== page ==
For all of us writers, I feel for you. Writing a query is crazy hard. You've spent forever writing your 300 page novel and now it's time to sum it up and make your characters sparkle in 250-300 words.
Last month I attended the super fantastic DFW Writers Conference and had the opportunity to learn from some agents and editors exactly what they are looking for in a query!
YAY! And let me say, they all wanted different things. So. There's that. Do your research! :) Most only accept email queries, so keep that in mind.
It's time to roll up your shelves, pour a cup of coffee or glass of wine and get to it. You might have to write several queries slanted to the agents and editors of your choice.
1. Most of the agents said they read queries after work. Some said right before they shut their eyes! Your words must grab them! Keep them awake!
*Make it interesting.
*Be precise and keep it short.
2. Give your title, word count, and genre up front. (These agents wanted this information first. Some may want it at the end. It's a gamble!)
Dear Mr. Bob Jenkins,
I'm querying you because of your interest in contemporary romance. My NA romance novel, SAVING WAVES is complete at 73,000 words.
3. NO cliches! NO questions!
*Don't ask if your character can survive the hellish plot you've planned for them.
*Don't open with a boy meets a girl and they fall in love.
*DO show why your characters are unique.
*DO share why your story is distinctive.
4. Share the story. Sounds crazy, but the agents said sometimes they read a query and have no idea what the book is about!
*Start with setting. In one or two words.
*Introduce the main character.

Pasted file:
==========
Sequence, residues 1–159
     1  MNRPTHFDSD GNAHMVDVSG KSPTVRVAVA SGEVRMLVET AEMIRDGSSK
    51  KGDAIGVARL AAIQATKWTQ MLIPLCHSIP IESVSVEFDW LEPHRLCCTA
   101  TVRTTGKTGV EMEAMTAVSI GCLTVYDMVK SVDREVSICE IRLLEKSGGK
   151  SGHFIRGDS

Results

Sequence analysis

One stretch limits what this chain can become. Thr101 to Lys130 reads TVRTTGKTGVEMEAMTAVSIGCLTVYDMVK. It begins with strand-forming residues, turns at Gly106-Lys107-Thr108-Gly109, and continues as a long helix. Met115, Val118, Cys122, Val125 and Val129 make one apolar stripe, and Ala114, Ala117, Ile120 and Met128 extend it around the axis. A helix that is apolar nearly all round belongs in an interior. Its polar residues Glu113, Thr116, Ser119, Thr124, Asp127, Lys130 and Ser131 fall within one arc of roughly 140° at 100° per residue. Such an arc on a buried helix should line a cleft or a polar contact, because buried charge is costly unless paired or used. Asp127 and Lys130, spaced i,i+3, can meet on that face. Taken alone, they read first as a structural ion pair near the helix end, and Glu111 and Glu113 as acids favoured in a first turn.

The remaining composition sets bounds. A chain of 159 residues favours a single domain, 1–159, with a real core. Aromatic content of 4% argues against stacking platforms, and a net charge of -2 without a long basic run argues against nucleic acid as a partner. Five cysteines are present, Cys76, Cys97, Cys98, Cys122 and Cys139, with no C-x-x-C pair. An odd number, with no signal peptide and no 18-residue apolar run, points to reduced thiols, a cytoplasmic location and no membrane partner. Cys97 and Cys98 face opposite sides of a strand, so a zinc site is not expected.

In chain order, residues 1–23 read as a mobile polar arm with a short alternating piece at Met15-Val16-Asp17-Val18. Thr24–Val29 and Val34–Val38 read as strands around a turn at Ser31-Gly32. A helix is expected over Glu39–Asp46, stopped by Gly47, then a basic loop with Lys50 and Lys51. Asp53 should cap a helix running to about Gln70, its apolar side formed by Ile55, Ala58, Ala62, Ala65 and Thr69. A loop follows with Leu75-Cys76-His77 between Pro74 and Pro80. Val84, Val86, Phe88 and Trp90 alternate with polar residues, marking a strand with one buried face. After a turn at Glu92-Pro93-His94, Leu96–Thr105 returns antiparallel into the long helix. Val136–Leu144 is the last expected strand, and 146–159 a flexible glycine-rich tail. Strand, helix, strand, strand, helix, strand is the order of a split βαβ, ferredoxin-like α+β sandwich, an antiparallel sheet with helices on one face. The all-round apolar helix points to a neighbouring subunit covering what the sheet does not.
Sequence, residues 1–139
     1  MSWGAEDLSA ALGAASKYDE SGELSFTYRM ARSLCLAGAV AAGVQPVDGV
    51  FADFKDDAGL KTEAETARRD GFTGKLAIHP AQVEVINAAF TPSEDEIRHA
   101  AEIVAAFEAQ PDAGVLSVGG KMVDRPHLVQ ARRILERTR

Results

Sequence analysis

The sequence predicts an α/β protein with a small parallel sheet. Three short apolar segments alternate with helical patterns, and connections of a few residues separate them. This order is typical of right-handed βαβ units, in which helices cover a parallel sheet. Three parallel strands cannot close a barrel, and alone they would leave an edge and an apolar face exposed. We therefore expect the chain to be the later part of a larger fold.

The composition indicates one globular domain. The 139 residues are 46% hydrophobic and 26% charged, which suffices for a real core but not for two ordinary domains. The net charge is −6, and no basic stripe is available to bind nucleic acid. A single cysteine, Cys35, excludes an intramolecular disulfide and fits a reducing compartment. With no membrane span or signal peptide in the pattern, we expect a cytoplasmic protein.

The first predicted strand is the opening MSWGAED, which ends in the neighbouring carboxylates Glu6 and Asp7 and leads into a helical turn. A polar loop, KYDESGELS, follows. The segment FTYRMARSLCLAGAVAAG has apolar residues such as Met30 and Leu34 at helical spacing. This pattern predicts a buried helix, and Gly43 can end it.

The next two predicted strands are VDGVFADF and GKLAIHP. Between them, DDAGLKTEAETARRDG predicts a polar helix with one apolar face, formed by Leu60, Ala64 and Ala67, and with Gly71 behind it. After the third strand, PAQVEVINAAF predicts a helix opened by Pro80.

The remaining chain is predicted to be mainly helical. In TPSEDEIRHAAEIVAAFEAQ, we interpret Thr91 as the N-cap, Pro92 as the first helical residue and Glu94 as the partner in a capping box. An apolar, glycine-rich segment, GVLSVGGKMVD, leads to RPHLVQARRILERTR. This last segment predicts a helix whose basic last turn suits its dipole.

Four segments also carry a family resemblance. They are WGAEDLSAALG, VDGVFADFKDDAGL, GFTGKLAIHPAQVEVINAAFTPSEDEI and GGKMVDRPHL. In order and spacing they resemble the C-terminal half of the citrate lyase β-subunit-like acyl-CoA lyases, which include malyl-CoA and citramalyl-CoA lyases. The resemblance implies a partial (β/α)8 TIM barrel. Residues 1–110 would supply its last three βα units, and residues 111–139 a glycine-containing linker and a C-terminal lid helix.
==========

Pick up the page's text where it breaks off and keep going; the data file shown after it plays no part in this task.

*Give inciting incident.
Sara desperately needs a peaceful vacation after a turbulent college freshman year. She goes to her aunt's beach house in California determined to find solace on the waves, and connect with her dead mother's favorite sport. On her first day out, she slams into Ryan, breaking his board.
*Move onto stakes.
Back on the beach, Sara apologizes for ruining Ryan's board, but he's furious. He rips her a new one in front of all surfers. Now there's no way anyone will want to teach her to surf, dashing all her hopes of finding tranquility on the waves and closure with her mother's passing.
*How will the character try to get what she wants?
Sara is determined. She returns to the beach the next day, and surprisingly, Ryan says hello. He agrees to work with her, if she'll buy him a new board. Sara takes her chances and gets a job at the surf shop where Ryan works. As the two connect over cash registers and waves, they open up about their troubles and find that their feelings for one another are as steamy as the noontime sun on the beach.
5. End with a short bio. Add anything pertinent to your novel.
*Publishing credits such as short stories, articles, or books.
*Memberships to writing organizations.
*A fun detail about you that relates to the agent or editor you're querying.
SAVING WAVES is a standalone novel. I'm a member of RWA and own the online dating company, Surf's Up. Several of my articles on dating and surfing have been published in Oceanside Times.
Thank you for your time and consideration,
(Total word count = 240)
6. Format it like a business letter! And remember to reread, double-check it, test email it to yourself, etc.
I also read a ton of back cover copy and book blurbs on Goodreads and Amazon. Nathan Bransford has awesome query tips. Check out his mad lib query and explore his site. Query Shark recently posted an amazing query workshop. It's a MUST READ! Go read it now!
And breathe. Don't sweat it. I just sent out a batch of queries and later found an error in one. Agents are people. They understand. Just do the BEST you can!
If all else fails you, get some random strangers or the baristas at Starbucks to read it and see if they can figure out what your book is about. :) Or ask your CPs and writing buddies.
We love to hear from you! What query tips do you have? Share the love!